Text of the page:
Technique: Back to basics

Pilot Magazine | Feb 01, 2009

Routine is always best Every aircraft, from the supersonic stealthy sled to the general aviation family flier, starts its aviation day by taxiing. Proficient pilots fly their aircraft from engine startup until engine shutdown.

Technique: The preflight

Pilot Magazine | Jan 01, 2009

Avgas trucks never use a single-point refueling nozzle. As you sip your coffee in the pilot lounge looking through the window at your airplane, it seems like a fuel truck that has a second hose outfitted with a single-point nozzle just pulled away from your airplane.

Technique: City Lights

Pilot Magazine | Nov 01, 2008

Nearing the end of a 10-hour flight in 1994 from Frederick, Maryland, to Wellington, Kansas, I could see the destination had to change. The goal was Wellington to take an AOPA sweepstakes aircraft, the “Better than New 172,” in for its engine work.

Technique: Missed Approach Musings

Pilot Magazine | Oct 01, 2008

Those of us who are instrument rated and current practice missed approach procedures on a regular basis—in VFR weather. But a real-world missed approach in below-minimums weather is something altogether different.

Technique: On Final, on the Gauges

Pilot Magazine | Aug 01, 2008

While it may be true that passengers judge a pilot’s competence by the quality of their landings, we know better. When it comes to precise flying, excellent judgment and staying ahead of the airplane, nothing is a better test of competence than flying an instrument approach.

Short Matters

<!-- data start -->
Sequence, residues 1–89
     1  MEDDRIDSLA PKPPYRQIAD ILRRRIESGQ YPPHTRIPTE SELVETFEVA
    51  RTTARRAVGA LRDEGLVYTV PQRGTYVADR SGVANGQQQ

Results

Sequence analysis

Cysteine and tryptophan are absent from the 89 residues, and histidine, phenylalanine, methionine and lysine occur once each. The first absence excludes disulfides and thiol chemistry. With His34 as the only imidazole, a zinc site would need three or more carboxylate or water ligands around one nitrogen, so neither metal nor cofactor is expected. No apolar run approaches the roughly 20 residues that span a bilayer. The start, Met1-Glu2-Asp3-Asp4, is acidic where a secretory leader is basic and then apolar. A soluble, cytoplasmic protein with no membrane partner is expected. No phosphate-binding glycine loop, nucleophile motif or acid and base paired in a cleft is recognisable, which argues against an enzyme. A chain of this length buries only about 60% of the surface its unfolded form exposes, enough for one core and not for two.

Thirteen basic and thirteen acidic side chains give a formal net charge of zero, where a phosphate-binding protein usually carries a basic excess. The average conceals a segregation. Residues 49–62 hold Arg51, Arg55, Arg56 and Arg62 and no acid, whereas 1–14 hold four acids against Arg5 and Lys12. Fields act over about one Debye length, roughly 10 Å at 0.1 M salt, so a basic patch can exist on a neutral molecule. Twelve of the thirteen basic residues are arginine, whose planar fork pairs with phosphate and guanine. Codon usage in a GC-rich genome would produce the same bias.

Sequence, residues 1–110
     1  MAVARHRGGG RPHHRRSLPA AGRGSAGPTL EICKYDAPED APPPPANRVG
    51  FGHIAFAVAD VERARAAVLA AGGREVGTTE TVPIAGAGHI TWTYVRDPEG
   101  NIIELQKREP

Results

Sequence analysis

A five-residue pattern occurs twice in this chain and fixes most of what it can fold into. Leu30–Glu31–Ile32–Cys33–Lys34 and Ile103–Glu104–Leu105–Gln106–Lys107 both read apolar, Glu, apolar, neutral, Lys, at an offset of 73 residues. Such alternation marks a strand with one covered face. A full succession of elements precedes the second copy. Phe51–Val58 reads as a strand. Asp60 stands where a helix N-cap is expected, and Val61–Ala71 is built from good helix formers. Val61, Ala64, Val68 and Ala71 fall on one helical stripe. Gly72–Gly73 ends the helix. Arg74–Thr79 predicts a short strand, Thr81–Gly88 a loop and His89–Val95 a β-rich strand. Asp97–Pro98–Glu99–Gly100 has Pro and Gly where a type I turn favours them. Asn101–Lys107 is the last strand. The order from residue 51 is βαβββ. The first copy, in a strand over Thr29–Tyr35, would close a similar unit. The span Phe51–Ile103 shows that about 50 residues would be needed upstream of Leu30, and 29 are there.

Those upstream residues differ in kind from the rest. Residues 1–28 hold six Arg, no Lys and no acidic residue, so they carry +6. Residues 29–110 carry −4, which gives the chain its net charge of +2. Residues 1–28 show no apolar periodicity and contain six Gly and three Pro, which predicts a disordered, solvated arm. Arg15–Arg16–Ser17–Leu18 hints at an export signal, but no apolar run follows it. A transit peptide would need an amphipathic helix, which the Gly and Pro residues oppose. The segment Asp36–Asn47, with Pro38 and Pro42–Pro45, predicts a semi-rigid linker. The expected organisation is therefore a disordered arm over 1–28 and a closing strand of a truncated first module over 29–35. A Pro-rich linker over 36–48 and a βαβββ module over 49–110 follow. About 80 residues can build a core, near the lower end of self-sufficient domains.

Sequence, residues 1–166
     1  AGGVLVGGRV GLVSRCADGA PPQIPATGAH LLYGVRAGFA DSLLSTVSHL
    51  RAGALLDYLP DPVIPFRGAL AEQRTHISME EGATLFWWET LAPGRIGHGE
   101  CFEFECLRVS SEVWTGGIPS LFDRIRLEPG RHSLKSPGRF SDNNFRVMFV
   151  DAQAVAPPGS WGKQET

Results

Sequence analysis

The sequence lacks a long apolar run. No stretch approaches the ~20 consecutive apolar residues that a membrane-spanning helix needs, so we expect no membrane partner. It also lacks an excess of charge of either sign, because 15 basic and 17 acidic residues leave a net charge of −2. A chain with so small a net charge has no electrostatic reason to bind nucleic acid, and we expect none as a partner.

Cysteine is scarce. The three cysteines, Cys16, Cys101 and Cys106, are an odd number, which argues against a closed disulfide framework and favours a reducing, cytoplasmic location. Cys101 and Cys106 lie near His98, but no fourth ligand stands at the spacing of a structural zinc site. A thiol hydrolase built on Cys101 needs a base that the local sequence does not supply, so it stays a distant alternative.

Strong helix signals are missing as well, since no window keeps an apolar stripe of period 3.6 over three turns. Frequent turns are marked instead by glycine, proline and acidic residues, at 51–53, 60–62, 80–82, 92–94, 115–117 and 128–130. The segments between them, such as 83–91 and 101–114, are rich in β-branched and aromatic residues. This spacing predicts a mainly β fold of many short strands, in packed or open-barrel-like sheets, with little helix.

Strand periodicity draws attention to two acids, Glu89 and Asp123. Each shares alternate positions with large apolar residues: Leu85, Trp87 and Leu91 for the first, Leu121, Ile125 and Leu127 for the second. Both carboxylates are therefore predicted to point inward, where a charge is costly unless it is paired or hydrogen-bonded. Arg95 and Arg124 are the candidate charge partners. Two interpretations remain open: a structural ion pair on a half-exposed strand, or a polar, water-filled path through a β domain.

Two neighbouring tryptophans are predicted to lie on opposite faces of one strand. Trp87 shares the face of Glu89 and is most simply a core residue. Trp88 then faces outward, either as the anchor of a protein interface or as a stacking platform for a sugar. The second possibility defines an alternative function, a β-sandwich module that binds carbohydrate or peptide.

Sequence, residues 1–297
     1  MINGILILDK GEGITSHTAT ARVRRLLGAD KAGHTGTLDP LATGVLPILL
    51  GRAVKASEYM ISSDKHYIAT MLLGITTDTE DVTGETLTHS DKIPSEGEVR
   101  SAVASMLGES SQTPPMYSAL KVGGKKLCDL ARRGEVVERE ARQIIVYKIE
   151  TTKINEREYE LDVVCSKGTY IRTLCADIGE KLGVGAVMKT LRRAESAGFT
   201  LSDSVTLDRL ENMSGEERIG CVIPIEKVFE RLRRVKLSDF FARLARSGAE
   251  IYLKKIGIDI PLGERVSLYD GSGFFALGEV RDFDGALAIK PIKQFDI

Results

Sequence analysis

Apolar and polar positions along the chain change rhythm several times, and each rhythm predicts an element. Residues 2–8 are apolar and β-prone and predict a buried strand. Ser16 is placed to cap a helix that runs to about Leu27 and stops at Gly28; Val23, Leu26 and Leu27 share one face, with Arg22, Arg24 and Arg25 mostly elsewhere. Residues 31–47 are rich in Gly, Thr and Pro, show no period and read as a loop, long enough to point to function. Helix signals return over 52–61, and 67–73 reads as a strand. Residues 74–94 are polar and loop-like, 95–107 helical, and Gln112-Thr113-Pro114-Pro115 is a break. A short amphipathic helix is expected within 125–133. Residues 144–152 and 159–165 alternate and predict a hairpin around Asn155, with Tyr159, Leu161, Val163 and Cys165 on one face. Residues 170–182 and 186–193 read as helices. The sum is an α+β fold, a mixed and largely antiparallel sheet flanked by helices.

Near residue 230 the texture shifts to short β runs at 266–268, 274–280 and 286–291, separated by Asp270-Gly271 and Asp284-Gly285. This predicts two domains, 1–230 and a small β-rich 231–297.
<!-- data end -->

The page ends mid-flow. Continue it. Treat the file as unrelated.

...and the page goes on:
Pilot Magazine | Aug 01, 2008

There’s an island in the French West Indies where the jetsetters play, but you can’t land a jet there. It’s called Saint Barthélemy —St.

Technique: The Accidental Stall

Pilot Magazine | Aug 01, 2008

The Piper Cherokee 140 was airborne, but it wasn’t happy. In ground effect all had seemed normal; symptoms only began appearing when the aircraft tried to climb.

Technique: Star Performance

Pilot Magazine | Jul 01, 2008

Whether you’ve logged a lot of actual instrument time, are a rusty instrument pilot, or have a newly issued instrument rating, a review of safe IFR procedures is never out of style. That’s especially true when you’re nearing your destination.

Technique: I Wear My Sunglasses at Night

Pilot Magazine | Jun 01, 2008

The cold night wind swirls through the rear cockpit of the Waco YMF Super as I tuck my chin, turtle-like, into the warmth of my jacket’s upturned collar. I’ve flown this gorgeous biplane around the Atlanta area countless times in the last five years in my weekend job as a scenic rides pilot.

Technique: Windy Day Departures

Pilot Magazine | Apr 01, 2008

Wow, it’s windy this morning. Definitely a hold-onto-your-hat kind of day.

Technique: Am I a good pilot?

Pilot Magazine | Jan 01, 2008

It afflicts each of us. Every pilot who has pushed a throttle forward for takeoff has, at one time or another, wakened in the chill of the pre-dawn hours nurturing that very private uncertainty: “Am I a good pilot or do I just think I am?” Some pilots are incapable of the necessary introspection and self-evaluation required for the answer; some deal with it by deciding not to care, too often proving their disregard by creating the most foolish of impacts with the earth; and the majority of us are willing to pursue the question and want to find a working definition as to what a good pilot is so that we might enter that most exclusive of human fraternities.


Pilot Magazine | Dec 01, 2007

Remembering Pilgrim Airlines Flight 203 My memory of Pilgrim Airlines Flight 203 resurfaced recently after a report about an unfortunate pilot who ditched and drowned near the shoreline of Lake Michigan after running out of fuel. The Pilgrim Airlines Twin Otter ditched into Long Island Sound just five miles short of the Groton-New London, Connecticut, airport on February 10, 1970.


Pilot Magazine | Oct 01, 2007